• Pro Tip: When answering these questions. Use “I” for things you have done yourself as program or project manger. If you keep using “We” it would indicate to your interviewer that you were a participant rather than a leader who took the initiative and ownership to get he work done. I would rather say “my team” rather than we, when referring to the work that was done by a group of people rather than yourself individually. Let’s look at a few examples:
        • Tell me about a time when you encountered a technical blocker and how you resolve it?
        • Tell the time when there was a blocker caused by a dependency on another team. How did you resolve it?
        • Tell me the time when there was conflict on your team. How did you address it.
        • Tell me the time when you had an engineer who was not performing up to the standard. How did you address that situation.
        • Tell me about the time when your project scope or requirements changed unexpectedly. How did you address it.
        • Tell me the time when you had to communicate the fact that your project will not be delivered on time. How did you do that.
        • Tell me about a time when you had several project and had to make a prioritization decision. How did you go about it.
  3. Interview Prep (System Design) This is arguable the most challenging part, especially for people who are not used to dealing with systems and their design. So how do you prepare for this portion of an interview and keep your sanity. I must say, if you have not had exposure to basic computer science and know in good amount of detail how internet and services offered over the internet work, you would have a hard time preparing. However, if you have decent level of technical knowledge and experience. It is not that impossible. Let’s break it down using a real life examle
    • On this interview you will be asked to design a system that can scale and provide some service accessible to customers. Let’s use an example. You are asked to build a system allows employees in a company to store and retrieve various internal documents.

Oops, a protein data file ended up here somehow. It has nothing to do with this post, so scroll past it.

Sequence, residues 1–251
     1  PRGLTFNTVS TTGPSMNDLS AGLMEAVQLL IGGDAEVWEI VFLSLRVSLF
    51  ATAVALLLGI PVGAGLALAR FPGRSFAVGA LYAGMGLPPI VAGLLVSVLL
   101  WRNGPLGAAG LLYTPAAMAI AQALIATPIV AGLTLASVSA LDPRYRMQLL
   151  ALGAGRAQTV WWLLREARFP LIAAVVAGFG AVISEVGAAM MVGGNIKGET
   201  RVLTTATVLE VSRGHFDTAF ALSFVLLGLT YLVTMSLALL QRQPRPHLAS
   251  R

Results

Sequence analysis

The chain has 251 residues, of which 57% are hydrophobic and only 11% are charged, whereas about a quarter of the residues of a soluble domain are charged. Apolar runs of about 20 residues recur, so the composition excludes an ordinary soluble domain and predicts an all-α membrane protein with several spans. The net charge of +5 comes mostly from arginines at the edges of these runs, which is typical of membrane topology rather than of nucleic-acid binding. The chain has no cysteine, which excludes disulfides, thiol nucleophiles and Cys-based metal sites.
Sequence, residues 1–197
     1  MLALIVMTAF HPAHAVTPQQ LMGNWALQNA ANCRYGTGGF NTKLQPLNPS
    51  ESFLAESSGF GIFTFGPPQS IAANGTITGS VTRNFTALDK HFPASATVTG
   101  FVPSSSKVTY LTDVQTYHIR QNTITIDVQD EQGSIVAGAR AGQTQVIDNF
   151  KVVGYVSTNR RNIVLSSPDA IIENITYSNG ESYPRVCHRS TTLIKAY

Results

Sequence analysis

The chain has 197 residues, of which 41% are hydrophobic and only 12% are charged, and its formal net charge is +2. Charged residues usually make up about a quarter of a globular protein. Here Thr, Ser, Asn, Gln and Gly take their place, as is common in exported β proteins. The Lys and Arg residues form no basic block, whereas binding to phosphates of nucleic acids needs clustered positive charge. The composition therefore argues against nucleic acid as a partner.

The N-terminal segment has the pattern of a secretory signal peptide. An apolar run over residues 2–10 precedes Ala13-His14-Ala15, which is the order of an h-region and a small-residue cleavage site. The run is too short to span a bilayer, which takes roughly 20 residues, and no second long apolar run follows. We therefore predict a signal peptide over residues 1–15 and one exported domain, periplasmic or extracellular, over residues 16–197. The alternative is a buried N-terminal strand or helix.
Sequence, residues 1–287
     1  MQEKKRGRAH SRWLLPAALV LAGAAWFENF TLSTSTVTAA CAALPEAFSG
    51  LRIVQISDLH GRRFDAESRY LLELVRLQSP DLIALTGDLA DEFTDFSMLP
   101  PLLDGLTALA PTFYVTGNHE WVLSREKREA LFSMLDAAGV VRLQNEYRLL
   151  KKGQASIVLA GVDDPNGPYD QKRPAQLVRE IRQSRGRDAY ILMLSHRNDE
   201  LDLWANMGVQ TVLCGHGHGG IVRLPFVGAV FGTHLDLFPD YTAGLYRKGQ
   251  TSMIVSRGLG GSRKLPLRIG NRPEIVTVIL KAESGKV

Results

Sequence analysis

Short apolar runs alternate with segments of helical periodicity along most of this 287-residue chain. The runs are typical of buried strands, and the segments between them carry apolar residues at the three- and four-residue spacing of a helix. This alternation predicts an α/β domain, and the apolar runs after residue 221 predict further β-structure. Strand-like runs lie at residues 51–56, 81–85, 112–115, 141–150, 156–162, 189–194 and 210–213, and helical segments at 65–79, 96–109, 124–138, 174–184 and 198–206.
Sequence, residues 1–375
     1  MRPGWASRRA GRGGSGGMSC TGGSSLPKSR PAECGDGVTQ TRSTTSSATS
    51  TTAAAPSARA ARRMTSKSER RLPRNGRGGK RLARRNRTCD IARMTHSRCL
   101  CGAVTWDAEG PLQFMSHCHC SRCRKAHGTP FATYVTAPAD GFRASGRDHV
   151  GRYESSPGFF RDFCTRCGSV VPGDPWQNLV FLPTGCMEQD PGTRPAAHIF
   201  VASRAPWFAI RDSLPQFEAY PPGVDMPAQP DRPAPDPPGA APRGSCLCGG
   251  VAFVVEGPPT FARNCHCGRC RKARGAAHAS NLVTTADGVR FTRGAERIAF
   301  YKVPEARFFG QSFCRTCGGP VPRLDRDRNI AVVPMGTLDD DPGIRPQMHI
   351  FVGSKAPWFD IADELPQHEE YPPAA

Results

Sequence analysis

• So what is next? Do you start thinking about what kind of database you need to have? It’s too soon. Your problem statement is not clear. Let’s not forget our SDLC before we start designing anything we must gather requirements. This is arguably the most important aspect of the interview as a TPM, since the interviewer represents the user, so it’s in your best interest to demonstrate that you are only interested in building solutions that match your users’ requirements or in other words address their problems. The best way to gather requirements is to ask questions so we can paint the picture of what are customers needs. Let’s try asking a few questions. The requirements can be functional and non-functional. Functional requirements is about what our system will do. In this case allow users to store, search and retrieve their files. The non-functional requirements is more about
        • Q: Approximately, how many users will our system support? A: Let’s assume ~10K users.
        • Q: Approximately how many files would we expect each user to upload? A: ~10 files per day.
        • Q: What would be our estimate on the average number of files we would expect each user to download per day? A: About 100 files per day